Sibos 2018: separating the myth and reality of AI in financial services
There is no doubt that artificial intelligence (AI) is set to fundamentally alter the financial services world. Customer experiences will be enhanced, fraud detected and opportunities unearthed. However, at the moment the hype is overwhelming the potential and firms first need to have a better understanding of where the technology can have the greatest impact.
“One of the biggest challenges is that people are looking for solutions without identifying the problems,” according to Matt Davey, head of business solutions at Societe Generale Securities Services. In other words, they should not just employ the technology for the sake of it but have a vision of their objectives and then a plan of the most expedient way of achieving these goals. “Firms can lose sight of their business requirements and how best to use the technology,” he says. “The result is that expectations may not be met but there certainly has been a lot of interest created. This is the case with any new technology.”
The difference with AI is that it is not an amorphous technology but a collection of tools that are quite distinct and tackle different business issues. They are currently at various stages of development but to date chatbots, or virtual assistants, better known to many as Siri and Ok Google are among the most advanced. However, machine learning (ML), natural learning processing (NLP) and robotics processing automation (RPA) are also gathering momentum. Together, they can generate huge efficiency and quality gains through validation of the data, providing proactive notification and realisation of patterns, identifying errors and producing trade and transaction reports for compliance purposes.
Natural language generation and understanding are also being added to the mix to absorb raw information in large datasets, understand and detect trends and correlations as well as identify inferences, risks or investment opportunities. Looking farther down the line, NLP and generation will make it increasingly difficult for customers to determine whether they are talking to a human or an AI interface. Voice and facial recognition will also be further developed to improve the customer experience and for cybersecurity.
RPA is also attracting a great deal of attention because it aims to replace the manual handling of repetitive and high-volume tasks. It differs from traditional automation software in that it does not have to be fundamentally redesigned and transformed. “While there has been a lot of focus on how AI can enhance the investment decision making process, RPA is more about improving the operational processes,” says Davey. “It is gaining traction in financial services because its scalability and efficiency makes it a compelling business case. Banks have spent time and money on integrating legacy and new systems but you still need a human to rekey information. RPA enables you to parameterise the process and run it 24/7.”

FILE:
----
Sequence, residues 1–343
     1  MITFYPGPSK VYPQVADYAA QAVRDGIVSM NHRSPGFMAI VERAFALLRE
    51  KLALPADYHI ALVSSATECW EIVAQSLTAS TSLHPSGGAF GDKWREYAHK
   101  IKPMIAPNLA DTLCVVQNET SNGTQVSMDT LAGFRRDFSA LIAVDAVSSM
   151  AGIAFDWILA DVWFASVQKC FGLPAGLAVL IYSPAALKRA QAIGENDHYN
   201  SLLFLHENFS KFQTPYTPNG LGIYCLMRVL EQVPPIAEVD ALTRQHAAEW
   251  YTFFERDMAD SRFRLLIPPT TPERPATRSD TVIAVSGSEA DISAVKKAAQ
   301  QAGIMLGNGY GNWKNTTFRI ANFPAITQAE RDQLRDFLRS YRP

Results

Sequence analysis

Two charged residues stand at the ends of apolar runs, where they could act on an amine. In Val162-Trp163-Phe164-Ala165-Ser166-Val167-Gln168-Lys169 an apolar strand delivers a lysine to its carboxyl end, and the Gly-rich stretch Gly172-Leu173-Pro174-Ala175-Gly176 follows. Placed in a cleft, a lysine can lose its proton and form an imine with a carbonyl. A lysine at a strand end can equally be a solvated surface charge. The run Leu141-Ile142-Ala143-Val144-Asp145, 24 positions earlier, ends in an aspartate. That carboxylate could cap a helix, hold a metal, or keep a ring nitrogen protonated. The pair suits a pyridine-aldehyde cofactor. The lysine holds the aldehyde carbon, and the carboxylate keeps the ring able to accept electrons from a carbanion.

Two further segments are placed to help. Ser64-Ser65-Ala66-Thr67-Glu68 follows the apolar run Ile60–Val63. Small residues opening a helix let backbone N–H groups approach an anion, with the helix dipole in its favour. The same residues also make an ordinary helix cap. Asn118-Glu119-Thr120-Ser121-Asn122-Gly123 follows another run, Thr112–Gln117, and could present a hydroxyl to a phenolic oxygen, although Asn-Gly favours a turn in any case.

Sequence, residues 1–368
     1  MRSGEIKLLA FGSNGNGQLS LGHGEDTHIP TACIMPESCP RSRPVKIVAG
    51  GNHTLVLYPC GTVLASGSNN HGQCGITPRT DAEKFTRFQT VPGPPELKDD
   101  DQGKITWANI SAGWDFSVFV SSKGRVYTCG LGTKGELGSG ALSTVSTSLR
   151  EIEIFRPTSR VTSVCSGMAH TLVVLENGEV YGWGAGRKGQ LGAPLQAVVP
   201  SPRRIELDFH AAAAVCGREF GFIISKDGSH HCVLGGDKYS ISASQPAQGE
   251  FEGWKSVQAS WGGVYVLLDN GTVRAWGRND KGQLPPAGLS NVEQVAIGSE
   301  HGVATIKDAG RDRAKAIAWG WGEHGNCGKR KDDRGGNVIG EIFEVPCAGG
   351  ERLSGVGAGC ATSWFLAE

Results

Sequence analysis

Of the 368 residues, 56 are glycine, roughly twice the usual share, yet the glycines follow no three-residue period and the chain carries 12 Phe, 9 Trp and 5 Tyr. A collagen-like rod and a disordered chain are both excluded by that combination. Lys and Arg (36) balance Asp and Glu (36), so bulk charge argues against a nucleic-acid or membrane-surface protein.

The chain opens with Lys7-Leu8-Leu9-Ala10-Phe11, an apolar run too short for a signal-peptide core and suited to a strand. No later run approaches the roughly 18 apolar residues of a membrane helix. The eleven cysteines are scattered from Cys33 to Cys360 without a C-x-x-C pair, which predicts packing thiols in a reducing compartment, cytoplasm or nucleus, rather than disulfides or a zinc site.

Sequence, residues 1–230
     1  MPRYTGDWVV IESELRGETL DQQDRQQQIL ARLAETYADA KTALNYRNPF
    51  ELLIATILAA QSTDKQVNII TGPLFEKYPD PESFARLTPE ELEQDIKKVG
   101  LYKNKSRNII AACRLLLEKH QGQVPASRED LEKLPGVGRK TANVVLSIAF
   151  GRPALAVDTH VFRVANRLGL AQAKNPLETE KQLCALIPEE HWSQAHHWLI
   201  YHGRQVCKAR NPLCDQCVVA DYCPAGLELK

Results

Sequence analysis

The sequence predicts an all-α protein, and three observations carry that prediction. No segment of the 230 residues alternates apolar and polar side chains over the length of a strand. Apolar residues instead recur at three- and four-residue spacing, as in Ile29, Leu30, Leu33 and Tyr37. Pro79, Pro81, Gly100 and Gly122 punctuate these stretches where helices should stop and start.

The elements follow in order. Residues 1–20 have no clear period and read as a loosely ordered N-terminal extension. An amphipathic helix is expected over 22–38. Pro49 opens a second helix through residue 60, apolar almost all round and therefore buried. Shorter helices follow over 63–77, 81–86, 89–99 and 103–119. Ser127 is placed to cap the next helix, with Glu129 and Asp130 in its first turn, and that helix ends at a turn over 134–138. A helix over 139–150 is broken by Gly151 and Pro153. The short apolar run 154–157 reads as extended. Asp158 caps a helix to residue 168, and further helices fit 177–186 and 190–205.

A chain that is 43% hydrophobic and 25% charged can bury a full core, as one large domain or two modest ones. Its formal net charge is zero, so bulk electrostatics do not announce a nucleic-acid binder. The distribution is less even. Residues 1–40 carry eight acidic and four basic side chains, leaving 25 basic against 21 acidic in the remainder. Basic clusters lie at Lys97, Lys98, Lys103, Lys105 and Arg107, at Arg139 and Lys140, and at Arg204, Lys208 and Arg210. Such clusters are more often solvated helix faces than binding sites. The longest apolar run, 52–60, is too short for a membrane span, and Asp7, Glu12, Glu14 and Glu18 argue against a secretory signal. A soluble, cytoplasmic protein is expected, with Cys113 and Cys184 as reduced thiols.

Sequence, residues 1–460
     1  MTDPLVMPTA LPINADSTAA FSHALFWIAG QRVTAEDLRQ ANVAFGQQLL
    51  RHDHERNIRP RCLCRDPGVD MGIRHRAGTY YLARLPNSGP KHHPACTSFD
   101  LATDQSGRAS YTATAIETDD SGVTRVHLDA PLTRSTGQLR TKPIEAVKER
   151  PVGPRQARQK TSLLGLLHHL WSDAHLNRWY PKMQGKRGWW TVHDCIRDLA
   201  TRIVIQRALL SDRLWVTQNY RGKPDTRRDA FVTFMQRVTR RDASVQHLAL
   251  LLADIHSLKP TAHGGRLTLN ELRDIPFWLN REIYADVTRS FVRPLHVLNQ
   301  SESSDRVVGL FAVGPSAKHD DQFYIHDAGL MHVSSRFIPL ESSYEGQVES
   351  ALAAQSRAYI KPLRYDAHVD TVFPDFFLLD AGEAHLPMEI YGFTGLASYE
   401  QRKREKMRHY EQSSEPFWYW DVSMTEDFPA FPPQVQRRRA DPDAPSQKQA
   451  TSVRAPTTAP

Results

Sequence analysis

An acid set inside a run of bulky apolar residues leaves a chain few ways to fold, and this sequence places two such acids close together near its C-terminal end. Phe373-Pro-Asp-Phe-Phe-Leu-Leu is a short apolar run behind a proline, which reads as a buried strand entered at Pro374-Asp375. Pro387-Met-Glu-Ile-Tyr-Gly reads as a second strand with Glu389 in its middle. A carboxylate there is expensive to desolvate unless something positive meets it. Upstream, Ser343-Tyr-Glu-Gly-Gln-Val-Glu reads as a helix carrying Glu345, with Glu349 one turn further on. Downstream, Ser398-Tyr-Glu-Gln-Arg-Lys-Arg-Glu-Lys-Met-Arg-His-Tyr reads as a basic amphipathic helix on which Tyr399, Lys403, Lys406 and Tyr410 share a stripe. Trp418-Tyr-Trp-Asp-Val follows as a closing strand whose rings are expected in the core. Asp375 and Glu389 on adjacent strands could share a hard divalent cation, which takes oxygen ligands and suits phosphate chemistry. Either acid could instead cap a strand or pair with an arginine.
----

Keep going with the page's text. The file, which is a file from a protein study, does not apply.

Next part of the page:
Aside from the benefits in integration, Davey points to several other viable business use cases in trade processing, reconciliation and client controls. “For example, RPA can also be used in setting up funds where people have to key in a lot of different details. The technology can define the process, automate it and then automatically make the updates.”
Not surprisingly, there could be a host of regulatory issues surrounding these new technologies but legislators are treading carefully for now. For instance, in the UK, the Financial Conduct Authority (FCA), is looking to roll out its so-called “sandbox” which it launched in 2016 on the global stage. The initiative allows financial service firms to formulate new ideas and develop products in a “safe” environment plus offers support in identifying appropriate consumer protection safeguards that may be built into new products and services.
“People are aware of the risks,” says Davey. “Transparency is one of the most important things and firms need to ensure that when the technology is deployed, the decision-making process and how it works is well understood.”
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